When you start your day, how do you think you should go about doing your job as “the boss”?
If you’re like most business owners and/or entrepreneurs, chances are you don’t have a rubric or framework for your day, you just go at it. When you have 639 items on your to do list, who has time to think about what you should or shouldn’t do as “the boss”?
However, as you well know, what we see is what we get. So, if you don’t have a framework for what you should be doing as a boss, it’s hard to actually be a great boss. And that’s a problem. Why? Because if you’re not being a great boss, you’re hindering the leverage that you should be getting out of your people (i.e. you’re sub-optimizing—and why do that when you’re actually paying people to do work?).
So, if you’d like to be a better boss who’s able to produce better results while, simultaneously, increasing the morale and commitment to your team, then you’ll want to follow each of the following five “Boss Rules.”
I. They Lead Each Person the Way That Person Wants to Be Lead
One of the major mistakes the vast majority of leaders make is they tend to lead everyone the same way, which is usually the way they like to be led.
For example, how often have you heard someone say, “Hire great people and then get out of the way.” Sounds like great advice … if you’re hiring a group of NTs (Myers Briggs) … which I am (NT = Intuitive Thinker). We love it when someone says, “Take that hill” and then gets out of the way.
However, that’s not such great advice if you’re hiring, for example, a SJ (Sensor Judger). SJs want clear direction. They want to be told exactly what’s expected and even better, the steps to take to get there.
So, while an NT leader may feel like they’re being a great boss by “getting out of the way” they’re actually not being a great boss (this was one of the “dumb tax” lessons I had to learn back in the early days of my pastoral career).
Treating everyone the same way is just bad advice. Great bosses know their people and then give each person the kind of leadership that person requires. If someone requires a lot of direction, they give it. If another person hates someone giving them direction, they don’t. If someone else needs face-to-face time, they give it to them. If another person needs lots of verbal encouragement, they give it to them.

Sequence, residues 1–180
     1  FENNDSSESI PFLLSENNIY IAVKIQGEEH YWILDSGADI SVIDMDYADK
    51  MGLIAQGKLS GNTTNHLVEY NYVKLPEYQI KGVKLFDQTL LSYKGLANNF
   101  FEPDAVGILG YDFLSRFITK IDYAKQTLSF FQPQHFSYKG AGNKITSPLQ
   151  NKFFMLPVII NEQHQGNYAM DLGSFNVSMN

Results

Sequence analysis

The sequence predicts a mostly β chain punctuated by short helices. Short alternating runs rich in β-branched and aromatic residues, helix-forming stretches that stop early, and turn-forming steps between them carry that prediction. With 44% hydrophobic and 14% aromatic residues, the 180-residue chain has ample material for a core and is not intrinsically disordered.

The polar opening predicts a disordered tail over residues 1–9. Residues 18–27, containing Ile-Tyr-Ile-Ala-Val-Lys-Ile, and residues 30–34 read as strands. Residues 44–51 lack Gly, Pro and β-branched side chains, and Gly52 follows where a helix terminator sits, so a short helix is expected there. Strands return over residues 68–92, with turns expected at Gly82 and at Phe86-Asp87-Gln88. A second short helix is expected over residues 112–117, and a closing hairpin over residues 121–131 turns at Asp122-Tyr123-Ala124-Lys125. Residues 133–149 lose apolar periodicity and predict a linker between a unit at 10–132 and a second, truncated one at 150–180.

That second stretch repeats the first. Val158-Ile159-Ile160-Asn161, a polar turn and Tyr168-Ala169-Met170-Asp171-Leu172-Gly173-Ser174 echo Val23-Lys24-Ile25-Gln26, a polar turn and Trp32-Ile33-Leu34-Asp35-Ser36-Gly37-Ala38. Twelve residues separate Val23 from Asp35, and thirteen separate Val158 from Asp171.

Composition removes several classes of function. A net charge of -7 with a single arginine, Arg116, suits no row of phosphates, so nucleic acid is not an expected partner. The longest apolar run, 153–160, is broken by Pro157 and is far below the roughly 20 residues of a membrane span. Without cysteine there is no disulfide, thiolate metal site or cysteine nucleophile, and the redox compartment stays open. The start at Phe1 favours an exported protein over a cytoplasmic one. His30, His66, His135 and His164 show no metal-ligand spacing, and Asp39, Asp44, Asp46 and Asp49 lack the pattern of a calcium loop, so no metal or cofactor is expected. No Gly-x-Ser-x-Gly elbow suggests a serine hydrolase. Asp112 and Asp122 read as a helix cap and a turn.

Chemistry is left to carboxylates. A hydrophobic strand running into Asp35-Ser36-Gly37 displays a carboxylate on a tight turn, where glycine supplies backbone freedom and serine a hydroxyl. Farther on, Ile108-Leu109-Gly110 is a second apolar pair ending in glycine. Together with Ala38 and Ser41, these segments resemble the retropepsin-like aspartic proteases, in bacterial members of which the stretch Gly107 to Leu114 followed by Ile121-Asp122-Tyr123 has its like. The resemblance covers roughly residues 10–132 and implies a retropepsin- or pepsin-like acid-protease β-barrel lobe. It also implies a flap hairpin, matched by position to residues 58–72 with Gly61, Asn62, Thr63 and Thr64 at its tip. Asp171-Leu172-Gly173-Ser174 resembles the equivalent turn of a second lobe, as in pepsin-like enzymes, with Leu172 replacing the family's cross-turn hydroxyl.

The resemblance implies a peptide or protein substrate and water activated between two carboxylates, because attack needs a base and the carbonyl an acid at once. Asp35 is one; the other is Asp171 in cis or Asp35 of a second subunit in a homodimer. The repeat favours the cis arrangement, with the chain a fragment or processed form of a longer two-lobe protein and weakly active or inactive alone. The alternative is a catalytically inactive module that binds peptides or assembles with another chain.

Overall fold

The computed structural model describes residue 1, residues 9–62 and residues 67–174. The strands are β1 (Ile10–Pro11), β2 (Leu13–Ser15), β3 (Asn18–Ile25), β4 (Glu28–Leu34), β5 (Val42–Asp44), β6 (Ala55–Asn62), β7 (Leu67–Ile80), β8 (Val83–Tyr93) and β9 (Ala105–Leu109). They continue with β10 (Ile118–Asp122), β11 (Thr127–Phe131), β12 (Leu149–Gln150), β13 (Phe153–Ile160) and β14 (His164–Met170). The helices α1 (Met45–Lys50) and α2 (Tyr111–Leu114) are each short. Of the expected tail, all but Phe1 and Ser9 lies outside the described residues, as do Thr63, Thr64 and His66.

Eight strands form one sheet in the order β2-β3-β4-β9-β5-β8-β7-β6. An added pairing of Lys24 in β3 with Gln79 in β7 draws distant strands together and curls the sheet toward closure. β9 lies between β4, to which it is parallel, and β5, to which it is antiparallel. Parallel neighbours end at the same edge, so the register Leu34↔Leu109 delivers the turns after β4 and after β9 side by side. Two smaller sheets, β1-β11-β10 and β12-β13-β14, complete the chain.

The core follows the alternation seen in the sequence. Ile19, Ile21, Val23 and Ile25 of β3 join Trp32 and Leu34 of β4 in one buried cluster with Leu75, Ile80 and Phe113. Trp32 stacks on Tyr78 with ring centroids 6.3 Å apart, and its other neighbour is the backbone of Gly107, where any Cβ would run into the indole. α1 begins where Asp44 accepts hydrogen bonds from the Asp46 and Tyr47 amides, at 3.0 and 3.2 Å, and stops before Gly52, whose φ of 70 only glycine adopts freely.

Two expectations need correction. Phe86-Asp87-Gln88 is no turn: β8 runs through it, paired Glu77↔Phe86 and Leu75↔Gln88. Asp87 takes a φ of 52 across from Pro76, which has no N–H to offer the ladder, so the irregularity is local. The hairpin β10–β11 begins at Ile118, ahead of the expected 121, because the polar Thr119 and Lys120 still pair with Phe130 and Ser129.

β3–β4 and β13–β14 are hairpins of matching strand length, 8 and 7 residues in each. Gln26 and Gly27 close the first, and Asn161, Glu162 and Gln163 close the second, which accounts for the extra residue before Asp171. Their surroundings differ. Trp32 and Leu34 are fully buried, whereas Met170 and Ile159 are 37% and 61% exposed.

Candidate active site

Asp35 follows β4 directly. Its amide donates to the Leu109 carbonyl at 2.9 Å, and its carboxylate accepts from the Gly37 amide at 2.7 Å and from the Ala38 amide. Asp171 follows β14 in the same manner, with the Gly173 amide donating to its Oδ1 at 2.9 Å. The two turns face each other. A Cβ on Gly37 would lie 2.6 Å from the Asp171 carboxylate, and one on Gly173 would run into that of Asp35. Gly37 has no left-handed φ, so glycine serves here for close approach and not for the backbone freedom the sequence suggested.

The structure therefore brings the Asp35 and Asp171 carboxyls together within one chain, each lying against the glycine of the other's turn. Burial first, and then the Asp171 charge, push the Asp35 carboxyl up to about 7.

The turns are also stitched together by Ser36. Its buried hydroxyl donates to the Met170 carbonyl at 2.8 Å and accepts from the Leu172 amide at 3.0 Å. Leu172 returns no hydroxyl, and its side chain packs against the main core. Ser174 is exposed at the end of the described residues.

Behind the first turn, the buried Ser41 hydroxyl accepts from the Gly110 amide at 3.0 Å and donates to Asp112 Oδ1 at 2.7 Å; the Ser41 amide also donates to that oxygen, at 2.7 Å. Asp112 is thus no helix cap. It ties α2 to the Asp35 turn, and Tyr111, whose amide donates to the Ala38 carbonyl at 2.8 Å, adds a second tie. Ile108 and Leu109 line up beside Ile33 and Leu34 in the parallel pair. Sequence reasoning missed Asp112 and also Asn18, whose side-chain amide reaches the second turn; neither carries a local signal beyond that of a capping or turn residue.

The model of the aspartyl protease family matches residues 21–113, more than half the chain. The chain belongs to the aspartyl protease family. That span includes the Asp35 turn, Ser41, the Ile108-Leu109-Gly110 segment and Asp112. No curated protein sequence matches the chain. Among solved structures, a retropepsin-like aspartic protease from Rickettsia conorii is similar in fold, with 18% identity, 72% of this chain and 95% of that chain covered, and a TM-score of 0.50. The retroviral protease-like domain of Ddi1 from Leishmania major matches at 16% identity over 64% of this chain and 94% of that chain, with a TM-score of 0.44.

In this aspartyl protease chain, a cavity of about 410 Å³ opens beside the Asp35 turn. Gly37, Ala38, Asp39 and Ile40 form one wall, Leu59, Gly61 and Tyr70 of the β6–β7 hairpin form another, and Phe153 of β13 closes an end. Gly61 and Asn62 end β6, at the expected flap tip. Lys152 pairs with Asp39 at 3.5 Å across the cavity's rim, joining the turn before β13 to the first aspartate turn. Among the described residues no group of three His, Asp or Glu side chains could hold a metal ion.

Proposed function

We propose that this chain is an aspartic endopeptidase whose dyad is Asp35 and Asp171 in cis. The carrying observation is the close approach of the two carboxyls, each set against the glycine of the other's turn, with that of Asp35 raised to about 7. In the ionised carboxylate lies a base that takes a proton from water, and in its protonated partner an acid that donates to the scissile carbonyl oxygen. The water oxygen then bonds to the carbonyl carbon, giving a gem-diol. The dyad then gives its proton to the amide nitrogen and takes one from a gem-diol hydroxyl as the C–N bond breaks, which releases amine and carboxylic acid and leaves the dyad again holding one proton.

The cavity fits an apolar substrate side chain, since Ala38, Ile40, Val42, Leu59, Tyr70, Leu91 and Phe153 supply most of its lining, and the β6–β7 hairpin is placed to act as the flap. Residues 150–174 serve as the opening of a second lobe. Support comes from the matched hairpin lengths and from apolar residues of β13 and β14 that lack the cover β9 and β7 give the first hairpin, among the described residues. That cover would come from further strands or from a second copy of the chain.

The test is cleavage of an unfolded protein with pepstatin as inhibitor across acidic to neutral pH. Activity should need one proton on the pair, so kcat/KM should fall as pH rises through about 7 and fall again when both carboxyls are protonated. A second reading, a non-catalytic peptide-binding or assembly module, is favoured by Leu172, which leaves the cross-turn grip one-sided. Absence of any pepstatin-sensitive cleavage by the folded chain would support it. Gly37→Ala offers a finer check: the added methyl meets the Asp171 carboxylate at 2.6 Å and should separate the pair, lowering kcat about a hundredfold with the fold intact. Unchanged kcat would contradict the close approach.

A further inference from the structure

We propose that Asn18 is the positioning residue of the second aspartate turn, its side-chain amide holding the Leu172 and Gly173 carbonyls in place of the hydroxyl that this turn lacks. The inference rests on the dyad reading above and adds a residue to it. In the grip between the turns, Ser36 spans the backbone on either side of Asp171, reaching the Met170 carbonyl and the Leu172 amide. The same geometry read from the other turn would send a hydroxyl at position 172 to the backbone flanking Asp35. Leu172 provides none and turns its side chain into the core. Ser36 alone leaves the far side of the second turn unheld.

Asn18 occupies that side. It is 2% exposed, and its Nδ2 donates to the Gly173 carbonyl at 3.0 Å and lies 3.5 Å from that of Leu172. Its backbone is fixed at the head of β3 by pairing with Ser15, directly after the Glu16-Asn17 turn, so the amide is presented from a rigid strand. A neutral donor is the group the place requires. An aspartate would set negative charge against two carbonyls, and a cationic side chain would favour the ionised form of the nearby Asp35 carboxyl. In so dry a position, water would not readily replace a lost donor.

In other words, whatever kind of leadership an employee needs, great bosses lead them that way.
So, how are you doing? Do you lead each person the same way? Do you lead them like you like to be lead? Or do you lead each person in the way they like to be led?
II. They Cast Vision Continually
If you’ve been reading me for any length of time, you could probably guess this would be on my top five list of what great bosses do. Why? Because it’s another great leverage point. People who are inspired simply produce at a higher level.
If you take two groups of people with similar skills sets and experiences and one group has high morale and the other has low morale, the high morale group will outperform the low morale group every time (and I wouldn’t be surprised by a 3:1 margin).
Simply put, vision leaks … every day (and frankly, every hour). A once a year or once a month vision message just won’t do. You need to cast vision every day all day long.
You can read more about it here and here, but basically, you want to use every conversation as a chance to cast vision. Help your people see the vision and how they relate to it. Help them see the progress they’re making. Help them see the work they’re doing in a bigger context.
For example, when you want to say, “Great job!” don’t just say, “Great job!” link your encouragement to vision.
“Mary, I really appreciate all the time and effort you put into the copy for this marketing piece. You really did put in that, “little bit extra,” that I always talk about because it goes right to the heart of our core value on excellence. So, great job! You’ve become a key player on our team and while I know it’s easy to get lost in the work and think you’re just writing copy—what you’re really doing is writing words that will sell and that means that lots of people here will have job security because of what you just did. You’re literally helping to put food on the table for the families of our employees and you’re helping our potential customers take the step they need to take to solve their problem. All around these words that you are crafting for our marketing pieces are affecting people’s lives. So thank you for taking the time to go the extra mile! You’re a ROCK STAR!”
What employee wouldn’t want to hear that? So, how are you doing at casting vision every day?
III. They Listen More Than Talk
Average leaders talk. Great leaders listen.
Most people think that to lead you have to be the most talkative person in the room. But if you want to create leverage, you want to harness the most brains. You want your people to think on their own and bring you their best ideas. You don’t want to create dependent people, you want to create independent people who are willing to collaborate.